Diabetes is a disease in which the body has problems producing or using insulin, a hormone needed to convert sugar, starches and other food into energy.
Compared to the general population, African Americans are disproportionately affected by diabetes:
- 4.9 million (an increase from 3.7 million in 2007), or 18.7% of all African Americans, aged 20 years or older, also have diabetes.
- According to the Office of Minority Health, in 2018, non-Hispanic blacks were twice as likely as non-Hispanic whites to die from diabetes.
- 25 percent of African Americans between the ages of 65 and 74 have diabetes.
- 1 in 4 African American women over 55 years of age has diabetes.
- African American adults are 60 percent more likely than non-Hispanic white adults to be diagnosed with diabetes by a physician.
- In 2017, non-Hispanic blacks were 3.2 times more likely to be diagnosed with end stage renal disease as compared to non-Hispanic whites.
- In 2017, non-Hispanic blacks were 2.3 times more likely to be hospitalized for lower limb amputations as compared to non-Hispanic whites.
- According to the American Association of Retired Persons, Black people are at significantly higher risk of developing type 2 diabetes than white people.
Diabetes is associated with an increased risk for a number of serious, sometimes life-threatening complications, and certain populations experience an even greater threat. Good diabetes management can help reduce your risk; however, many people are not even aware that they have diabetes until they develop one of its complications.
Blindness. More than 1 million African Americans may have diabetic retinopathy by 2030.
Kidney Disease. African Americans constitute more than 35% of all patients in the U.S. receiving dialysis for kidney failure, but only represent 13.2% of the overall U.S. population. Diabetes is the leading cause of kidney failure in African Americans.
Amputations. Diabetics undergo 130,000 amputations each year, often in low-income and underinsured neighborhoods. Black patients lose limbs at a rate triple that of others.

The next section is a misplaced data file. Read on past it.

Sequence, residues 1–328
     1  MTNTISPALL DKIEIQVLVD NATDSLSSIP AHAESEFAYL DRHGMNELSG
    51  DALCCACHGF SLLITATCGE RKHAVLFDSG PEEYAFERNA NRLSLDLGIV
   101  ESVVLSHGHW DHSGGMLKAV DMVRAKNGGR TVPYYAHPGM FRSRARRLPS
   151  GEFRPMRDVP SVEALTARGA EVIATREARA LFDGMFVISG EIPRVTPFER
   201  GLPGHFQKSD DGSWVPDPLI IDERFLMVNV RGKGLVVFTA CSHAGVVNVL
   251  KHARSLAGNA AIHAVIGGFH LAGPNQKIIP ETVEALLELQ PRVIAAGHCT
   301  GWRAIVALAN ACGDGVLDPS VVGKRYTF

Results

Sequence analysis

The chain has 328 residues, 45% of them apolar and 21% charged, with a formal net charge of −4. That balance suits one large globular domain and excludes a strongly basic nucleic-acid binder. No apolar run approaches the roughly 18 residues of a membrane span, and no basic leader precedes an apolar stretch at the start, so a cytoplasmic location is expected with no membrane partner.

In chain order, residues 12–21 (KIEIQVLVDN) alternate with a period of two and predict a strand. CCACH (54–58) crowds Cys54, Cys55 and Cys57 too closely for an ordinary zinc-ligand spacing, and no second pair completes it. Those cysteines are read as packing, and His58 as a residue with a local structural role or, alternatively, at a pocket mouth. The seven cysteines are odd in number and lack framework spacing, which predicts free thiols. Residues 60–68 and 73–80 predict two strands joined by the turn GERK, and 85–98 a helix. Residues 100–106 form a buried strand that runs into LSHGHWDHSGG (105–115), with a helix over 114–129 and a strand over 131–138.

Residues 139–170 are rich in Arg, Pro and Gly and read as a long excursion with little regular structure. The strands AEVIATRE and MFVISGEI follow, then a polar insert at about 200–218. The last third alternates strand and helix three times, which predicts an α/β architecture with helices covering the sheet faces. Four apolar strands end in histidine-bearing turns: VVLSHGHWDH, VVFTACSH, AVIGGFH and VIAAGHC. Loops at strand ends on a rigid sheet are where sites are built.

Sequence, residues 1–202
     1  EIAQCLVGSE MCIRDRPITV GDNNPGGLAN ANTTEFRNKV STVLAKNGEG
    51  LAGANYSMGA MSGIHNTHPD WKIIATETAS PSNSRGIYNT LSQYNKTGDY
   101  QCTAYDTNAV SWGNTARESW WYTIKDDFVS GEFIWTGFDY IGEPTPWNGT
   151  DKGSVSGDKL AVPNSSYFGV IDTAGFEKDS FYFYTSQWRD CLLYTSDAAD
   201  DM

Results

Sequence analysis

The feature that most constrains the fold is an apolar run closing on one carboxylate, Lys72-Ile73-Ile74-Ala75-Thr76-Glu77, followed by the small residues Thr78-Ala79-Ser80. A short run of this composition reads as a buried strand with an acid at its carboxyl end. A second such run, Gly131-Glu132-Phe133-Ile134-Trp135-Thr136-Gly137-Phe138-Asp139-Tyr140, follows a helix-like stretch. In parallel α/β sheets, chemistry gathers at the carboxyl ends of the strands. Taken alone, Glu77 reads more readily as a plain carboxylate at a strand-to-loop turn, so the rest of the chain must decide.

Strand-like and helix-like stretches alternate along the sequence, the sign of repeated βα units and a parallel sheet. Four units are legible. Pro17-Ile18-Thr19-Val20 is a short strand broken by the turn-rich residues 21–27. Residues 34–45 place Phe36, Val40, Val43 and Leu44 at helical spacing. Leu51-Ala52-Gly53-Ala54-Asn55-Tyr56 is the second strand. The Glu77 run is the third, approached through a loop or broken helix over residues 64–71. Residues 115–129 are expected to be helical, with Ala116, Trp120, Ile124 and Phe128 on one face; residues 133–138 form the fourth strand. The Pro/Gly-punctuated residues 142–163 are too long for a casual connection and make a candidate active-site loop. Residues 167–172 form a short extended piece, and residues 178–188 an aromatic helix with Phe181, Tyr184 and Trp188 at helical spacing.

Heart Disease and Stroke. Heart disease and stroke account for about 65 percent of deaths in people with diabetes. Adults with diabetes have heart disease death rates about 2 to 4 times higher than adults without diabetes. The risk for stroke is 2 to 4 times higher and the risk of death from stroke is 2.8 times higher among people with diabetes.
Noninsulin-dependent diabetes; Diabetes – type 2; Adult-onset diabetes
Type 2 diabetes develops when the body becomes resistant to insulin or when the pancreas stops producing enough insulin. Exactly why this happens is unknown, although excess weight and inactivity seem to be contributing factors.
Insulin is a hormone that comes from the pancreas, a gland situated just behind and below the stomach. When you eat, the pancreas secretes insulin into the bloodstream. As insulin circulates, it acts like a key by unlocking microscopic doors that allow sugar to enter your cells. Insulin lowers the amount of sugar in your bloodstream. As your blood sugar level drops, so does the secretion of insulin from your pancreas.
Glucose — a sugar — is a main source of energy for the cells that make up muscles and other tissues. Glucose comes from two major sources: the food you eat and your liver. After intestinal digestion and absorption, sugar is absorbed into the bloodstream. Normally, sugar then enters cells with the help of insulin.